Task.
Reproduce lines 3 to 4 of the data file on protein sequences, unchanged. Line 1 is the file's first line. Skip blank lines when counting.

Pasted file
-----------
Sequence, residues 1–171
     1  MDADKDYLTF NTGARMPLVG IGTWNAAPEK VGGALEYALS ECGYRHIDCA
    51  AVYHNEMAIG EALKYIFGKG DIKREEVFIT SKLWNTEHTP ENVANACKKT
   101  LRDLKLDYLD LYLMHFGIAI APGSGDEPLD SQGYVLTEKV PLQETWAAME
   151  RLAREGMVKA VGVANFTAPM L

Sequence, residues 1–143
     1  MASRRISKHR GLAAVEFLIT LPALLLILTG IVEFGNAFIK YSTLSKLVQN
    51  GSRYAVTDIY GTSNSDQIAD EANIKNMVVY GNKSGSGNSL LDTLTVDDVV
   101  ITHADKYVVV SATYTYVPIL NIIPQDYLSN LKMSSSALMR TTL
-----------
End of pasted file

    51  AVYHNEMAIG EALKYIFGKG DIKREEVFIT SKLWNTEHTP ENVANACKKT
   101  LRDLKLDYLD LYLMHFGIAI APGSGDEPLD SQGYVLTEKV PLQETWAAME